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Foreign Policy Rookies

This commentary was written by's Dick Meyer.

Since the Vietnam War, four of the five elected presidents have been foreign policy novices. Now might be a good time for voters to think about breaking that electoral habit.

As shooting wars continue on fronts in Israel and Iraq, a new portrays an electorate that has little confidence in the foreign policy abilities of President Bush and little optimism about the world. A stunning 60 percent believe foreign leaders do not respect the American president. The Angela Merkel back rub probably didn't help.

The conflict between Israel and Hezbollah will spill over into the rest of the Middle East in the opinion of 61 percent. And 64 percent believe there will never be peace in the region.

On Iraq, 57 percent think the war is going badly and only 14 percent think it is very likely the U.S. will succeed there. The Bush administration's foreign policy has been too focused on Iraq, in the view of 58 percent.

Though just 35 percent approve of President Bush's handling of foreign policy in general, 47 percent approve of the way he has approached the current violence in Israel and Lebanon. It is typical that voters give out higher grades to presidents in the middle of a crisis.

Actually, attention span is a problem for American voters. Unless there is a crisis, foreign policy isn't a high priority in most elections. But when a crisis emerges later on, and they always do, they dwarf the other issues that seemed so important during the campaign.

It is rare that trouble abroad is not the defining issue and great test of a presidency. That is true even in the post-Vietnam period of relative peacefulness.

There's no need to go far afield for examples: Jimmy Carter and Iran; Ronald Reagan and the Evil Empire, Iran and Nicaragua; George H.W. Bush and Iraq; George W. Bush and Iraq.

Only Bill Clinton seems to have escaped the pattern (and he sure did it the hard way).

None of these presidents elected after Nixon, except for Bush the Elder, came to the White House with substantial experience and expertise in foreign policy (Gerald Ford was not elected). And obviously, Bush the Elder demonstrated that a thick national security portfolio was no guarantee of a successful administration.

But I think Carter and George W. Bush have amply demonstrated that the lack of experience is dangerous.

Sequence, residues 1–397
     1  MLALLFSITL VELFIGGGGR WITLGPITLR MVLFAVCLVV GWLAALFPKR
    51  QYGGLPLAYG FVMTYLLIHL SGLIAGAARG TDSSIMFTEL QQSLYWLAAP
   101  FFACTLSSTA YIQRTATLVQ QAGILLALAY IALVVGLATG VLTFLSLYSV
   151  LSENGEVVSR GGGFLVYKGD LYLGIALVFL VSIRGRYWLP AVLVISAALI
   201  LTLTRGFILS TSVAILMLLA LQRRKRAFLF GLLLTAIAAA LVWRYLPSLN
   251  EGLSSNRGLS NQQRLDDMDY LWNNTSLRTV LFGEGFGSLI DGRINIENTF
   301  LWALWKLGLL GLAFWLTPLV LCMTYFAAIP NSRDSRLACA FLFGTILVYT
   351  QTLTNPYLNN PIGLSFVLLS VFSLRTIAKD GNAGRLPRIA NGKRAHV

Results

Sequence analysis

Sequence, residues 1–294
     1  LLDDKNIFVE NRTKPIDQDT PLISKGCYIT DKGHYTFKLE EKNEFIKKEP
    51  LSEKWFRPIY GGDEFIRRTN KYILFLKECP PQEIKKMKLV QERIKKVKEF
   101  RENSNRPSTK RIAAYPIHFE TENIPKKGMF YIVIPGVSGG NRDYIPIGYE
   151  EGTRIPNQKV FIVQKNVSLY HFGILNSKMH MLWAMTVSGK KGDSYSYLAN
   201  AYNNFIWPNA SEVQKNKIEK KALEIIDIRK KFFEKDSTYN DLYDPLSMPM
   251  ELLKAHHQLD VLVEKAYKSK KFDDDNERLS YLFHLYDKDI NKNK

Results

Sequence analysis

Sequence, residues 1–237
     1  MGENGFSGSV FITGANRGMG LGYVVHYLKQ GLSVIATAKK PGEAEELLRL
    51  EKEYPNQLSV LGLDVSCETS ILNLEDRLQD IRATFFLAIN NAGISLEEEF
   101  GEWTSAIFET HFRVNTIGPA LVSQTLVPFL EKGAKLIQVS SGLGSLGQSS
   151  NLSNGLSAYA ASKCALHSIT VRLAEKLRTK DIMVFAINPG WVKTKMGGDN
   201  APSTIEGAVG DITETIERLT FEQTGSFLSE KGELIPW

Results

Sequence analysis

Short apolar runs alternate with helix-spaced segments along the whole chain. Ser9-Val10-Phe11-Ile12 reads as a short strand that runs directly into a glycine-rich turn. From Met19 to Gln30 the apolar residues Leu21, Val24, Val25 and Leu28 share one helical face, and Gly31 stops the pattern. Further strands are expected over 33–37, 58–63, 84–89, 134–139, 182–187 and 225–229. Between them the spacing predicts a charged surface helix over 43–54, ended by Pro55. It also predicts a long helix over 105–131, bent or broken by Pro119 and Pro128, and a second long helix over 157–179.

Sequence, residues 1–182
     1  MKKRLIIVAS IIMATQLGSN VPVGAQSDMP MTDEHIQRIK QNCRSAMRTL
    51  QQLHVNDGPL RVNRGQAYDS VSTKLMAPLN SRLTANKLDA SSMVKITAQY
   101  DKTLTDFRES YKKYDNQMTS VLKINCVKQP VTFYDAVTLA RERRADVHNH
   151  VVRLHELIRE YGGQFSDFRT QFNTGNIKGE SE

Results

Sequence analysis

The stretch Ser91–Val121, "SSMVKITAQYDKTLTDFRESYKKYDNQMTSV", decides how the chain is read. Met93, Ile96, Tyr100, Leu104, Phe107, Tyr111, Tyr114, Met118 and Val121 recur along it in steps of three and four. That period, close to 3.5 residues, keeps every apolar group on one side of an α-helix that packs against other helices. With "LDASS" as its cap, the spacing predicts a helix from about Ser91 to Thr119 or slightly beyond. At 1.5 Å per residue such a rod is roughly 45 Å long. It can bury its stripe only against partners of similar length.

Of course President Bush's ardent supporters think his foreign policy has been a success. But I bet if you asked the president over popcorn, Diet Coke and laughing gas whether the contempt his administration displayed early on for diplomacy, international institutions, and "Old Europe" has helped him achieve his foreign policy goals, he would say no.

This relegation of foreign policy skill to the second tier of candidate virtues is not a permanent characteristic of the modern presidency.

Richard Nixon and the five presidents elected before him all had substantial national security experience. Lyndon Johnson, John F. Kennedy and Harry Truman all were in the service and had dealt with defense and foreign policy issues routinely while in the Senate. Dwight Eisenhower, of course, commanded the European theater in World War II and Franklin Roosevelt was Assistant Secretary of the Navy for seven years.

So the question is why foreign policy rookies have been so popular lately. Certainly there is a perception that voters don't care about foreign policy, but of course they do when the world gets hairy.

Are voters to be blamed for not demanding and rewarding more worldly candidates? Is the crazy presidential primary system the culprit? Probably yes to both.

Today the far more important question is what's next? For many years to come, we will live in a 9/11 world. The world will be hairy for a long time to come. The volume of fear and threat ebbs and flows, it doesn't evaporate.

That means right now is the time for savvy voters to think about what they want in the people they send to Congress and the White House. The 2008 presidential elections, sadly, will start in all practical senses on November 8, the day after the midterms. Time is short and so is our attention span.

If voters want to feel more confident about the president they'll have in the next foreign policy crisis than they do in the one they have now, they must somehow – tapping their collective wisdom - get to work on the problem right now.

Dick Meyer is the editorial director of

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By Dick Meyer